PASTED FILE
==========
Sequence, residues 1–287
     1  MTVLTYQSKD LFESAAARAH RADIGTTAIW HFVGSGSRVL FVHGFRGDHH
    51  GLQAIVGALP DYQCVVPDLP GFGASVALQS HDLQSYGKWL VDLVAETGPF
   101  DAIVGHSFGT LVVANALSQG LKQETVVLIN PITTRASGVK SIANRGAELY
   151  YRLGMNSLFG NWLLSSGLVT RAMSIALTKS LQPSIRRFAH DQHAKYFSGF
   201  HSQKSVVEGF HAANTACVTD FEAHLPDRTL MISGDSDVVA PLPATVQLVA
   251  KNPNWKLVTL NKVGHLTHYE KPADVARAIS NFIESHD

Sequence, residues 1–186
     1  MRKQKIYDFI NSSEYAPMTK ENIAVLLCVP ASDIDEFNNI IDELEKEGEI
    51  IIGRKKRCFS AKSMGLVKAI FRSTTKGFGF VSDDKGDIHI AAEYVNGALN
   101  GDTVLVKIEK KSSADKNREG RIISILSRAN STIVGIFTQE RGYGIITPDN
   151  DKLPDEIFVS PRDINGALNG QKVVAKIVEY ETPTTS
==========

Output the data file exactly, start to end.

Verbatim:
Sequence, residues 1–287
     1  MTVLTYQSKD LFESAAARAH RADIGTTAIW HFVGSGSRVL FVHGFRGDHH
    51  GLQAIVGALP DYQCVVPDLP GFGASVALQS HDLQSYGKWL VDLVAETGPF
   101  DAIVGHSFGT LVVANALSQG LKQETVVLIN PITTRASGVK SIANRGAELY
   151  YRLGMNSLFG NWLLSSGLVT RAMSIALTKS LQPSIRRFAH DQHAKYFSGF
   201  HSQKSVVEGF HAANTACVTD FEAHLPDRTL MISGDSDVVA PLPATVQLVA
   251  KNPNWKLVTL NKVGHLTHYE KPADVARAIS NFIESHD

Sequence, residues 1–186
     1  MRKQKIYDFI NSSEYAPMTK ENIAVLLCVP ASDIDEFNNI IDELEKEGEI
    51  IIGRKKRCFS AKSMGLVKAI FRSTTKGFGF VSDDKGDIHI AAEYVNGALN
   101  GDTVLVKIEK KSSADKNREG RIISILSRAN STIVGIFTQE RGYGIITPDN
   151  DKLPDEIFVS PRDINGALNG QKVVAKIVEY ETPTTS